Five things you need to know about the FedEx Cup

Five things you need to know about the FedEx Cup

Tiger Woods announced last week he would play the Barclays.
John Biever/SI

Nobody asked but here are five things you ought to know about the FedEx Cup playoffs, which start this week with the Barclay’s at Liberty National:

One. Tiger Woods is playing. That may be all you really need to know. Woods skipped this event two years ago but not this time. You can expect the TV coverage to show Tiger’s every shot. Probably even him pulling into the parking lot.

Two. The FedEx Cup points — those annoying and meaningless point totals which Golf Channel and CBS kept jamming down your throats all year — don’t reset for the playoffs this year, as in the past two years. The points will continue to accumulate until the final 30 players advance to the Tour Championship, the last stop. It never made sense before to have this contrived points list all season and then throw it out when the playoffs start.

At the Tour Championship, in NASCAR terms, everyone will be reset to the same lap and theoretically have a chance to win the $10 million first prize. The top five players in points are guaranteed to have a chance to win.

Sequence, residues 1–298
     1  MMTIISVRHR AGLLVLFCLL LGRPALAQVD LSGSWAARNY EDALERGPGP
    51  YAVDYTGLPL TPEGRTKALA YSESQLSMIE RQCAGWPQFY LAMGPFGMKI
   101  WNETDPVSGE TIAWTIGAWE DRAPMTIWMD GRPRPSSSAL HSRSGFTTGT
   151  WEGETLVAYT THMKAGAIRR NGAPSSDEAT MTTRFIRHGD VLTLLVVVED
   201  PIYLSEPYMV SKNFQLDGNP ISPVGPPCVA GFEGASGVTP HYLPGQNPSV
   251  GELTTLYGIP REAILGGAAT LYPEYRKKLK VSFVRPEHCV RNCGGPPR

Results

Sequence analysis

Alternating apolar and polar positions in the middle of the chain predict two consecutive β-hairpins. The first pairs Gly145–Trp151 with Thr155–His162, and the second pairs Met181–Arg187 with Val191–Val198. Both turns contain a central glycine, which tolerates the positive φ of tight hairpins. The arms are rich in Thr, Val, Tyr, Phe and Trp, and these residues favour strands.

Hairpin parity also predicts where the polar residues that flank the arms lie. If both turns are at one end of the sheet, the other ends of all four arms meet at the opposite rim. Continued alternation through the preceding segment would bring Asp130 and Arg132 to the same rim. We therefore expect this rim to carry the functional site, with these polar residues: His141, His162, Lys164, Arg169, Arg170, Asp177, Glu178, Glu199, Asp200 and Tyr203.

Three. Be prepared to be shocked. The point standings could be more volatile than a bad day on the New York Stock Exchange. A win in one of the FedEx Cup playoff events will be worth five times more than a regular season tour event. That’s right, five times — 2,500 points in the playoffs versus 500 points before. That should contribute to a worst-to-first potential to make the race a little more exciting. In the FedEx Cup’s first two years, there was little doubt about the outcome going into the final event. The revisions should rectify that.

Four. This is still the most lucrative cash extravaganza in golf. The money is, for lack of a better word, staggering. The $10 million first prize by itself would rank 91st on the PGA Tour’s all-time money list. A third-place FedEx Cup finish is worth $2 million, still way more than what any of the four major championships pay out and about double most regular-season events. The guy who finishes dead last, 125th in points, still gets a little something for the effort — $70,000. Given the economic downturn and the rough shape that some PGA Tour sponsors are in, it’s going to be pretty interesting to see what happens to this pay scale in the next iteration of the FedEx Cup, if there is one. FedEx reportedly put up $50 million a year for six years. That deal may be tough to match but a renewal is still three years away.

Five. Did we mention that Tiger Woods is playing? Thought so.